If you or a loved one works for a railroad, you should be aware of potential changes to railroad retirement disability after sickness and unemployment benefits were cut. While the law exempts Social Security benefits and disability benefits from the cuts, that might change in the future. Because of an adjusted sequestration rate, railroad unemployment and sickness benefits are supposed to decrease. This began on the first of October in 2015. The United States Railroad Retirement Board, or RRB, planned to reduce unemployment and sickness insurance benefits by nearly 7 percent. This number is down from the previous 7.3 percent reduction and can be attributed to federal budgetary cuts. It will continue through September 30, 2016. Because the benefit rate per day is $72, the reduction in benefits means someone who may have earned $720 in ten days of unemployment will instead earn a little over $671. Some railroad sickness benefits are also being affected by the budget cuts. Benefits that are prone to basic tier I railroad retirement taxes are being decreased by 7.65 percent. The new maximum two-week total for sickness benefits is now just over $619. In fiscal year 2014, the United States Railroad Retirement Board paid roughly $11.9 billion in retirement and survivor benefits to around 562,000 people. Net unemployment and sickness benefits of $84.4 million were distributed to nearly 25,000 claimants. It might be a matter of time before retirement and disability benefits are cut. These reductions are legally required after the Budget Control Act of 2011. The subsequent sequestration order that implemented the cuts sealed them into effect. The law does state that Social Security, disability and retirement benefits cannot be cut by the current law, but that is not necessarily going to be the case forever.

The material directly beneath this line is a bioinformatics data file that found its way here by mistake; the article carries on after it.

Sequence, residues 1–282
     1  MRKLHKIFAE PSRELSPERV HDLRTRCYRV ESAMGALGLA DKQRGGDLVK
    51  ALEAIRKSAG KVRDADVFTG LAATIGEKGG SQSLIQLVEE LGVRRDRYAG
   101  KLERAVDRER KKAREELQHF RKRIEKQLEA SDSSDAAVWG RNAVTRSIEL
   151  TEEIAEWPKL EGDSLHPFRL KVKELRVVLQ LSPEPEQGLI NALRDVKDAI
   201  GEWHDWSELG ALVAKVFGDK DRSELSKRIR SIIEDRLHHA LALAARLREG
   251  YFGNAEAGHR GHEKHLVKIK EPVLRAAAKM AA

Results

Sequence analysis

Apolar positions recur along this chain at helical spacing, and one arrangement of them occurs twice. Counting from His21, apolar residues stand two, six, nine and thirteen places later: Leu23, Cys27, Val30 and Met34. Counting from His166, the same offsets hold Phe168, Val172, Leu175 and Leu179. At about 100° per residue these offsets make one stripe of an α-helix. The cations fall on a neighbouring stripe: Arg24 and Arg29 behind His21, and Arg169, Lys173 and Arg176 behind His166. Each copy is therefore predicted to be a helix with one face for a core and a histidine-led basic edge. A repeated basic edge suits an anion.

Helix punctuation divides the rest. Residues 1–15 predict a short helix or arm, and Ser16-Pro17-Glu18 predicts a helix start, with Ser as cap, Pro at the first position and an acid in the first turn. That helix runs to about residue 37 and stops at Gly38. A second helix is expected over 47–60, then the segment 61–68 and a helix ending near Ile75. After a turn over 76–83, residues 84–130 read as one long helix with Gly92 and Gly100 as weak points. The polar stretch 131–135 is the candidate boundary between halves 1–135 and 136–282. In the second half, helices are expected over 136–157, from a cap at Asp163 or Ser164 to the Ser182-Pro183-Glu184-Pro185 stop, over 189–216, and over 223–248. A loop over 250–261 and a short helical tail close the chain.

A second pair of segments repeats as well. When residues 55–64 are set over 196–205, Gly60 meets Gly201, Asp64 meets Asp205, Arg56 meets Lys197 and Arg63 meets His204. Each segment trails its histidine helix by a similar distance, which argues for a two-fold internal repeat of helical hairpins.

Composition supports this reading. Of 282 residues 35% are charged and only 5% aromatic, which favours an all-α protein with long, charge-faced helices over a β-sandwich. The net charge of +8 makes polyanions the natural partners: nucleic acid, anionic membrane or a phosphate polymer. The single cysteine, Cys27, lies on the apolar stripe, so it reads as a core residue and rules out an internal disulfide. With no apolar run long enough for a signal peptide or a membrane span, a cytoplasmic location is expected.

Contact a Railroad Retirement Disability Lawyer
For more information, contact Hermann Law Group, PLLC at (914) 286-3030 to reach a railroad retirement disability lawyer you can trust.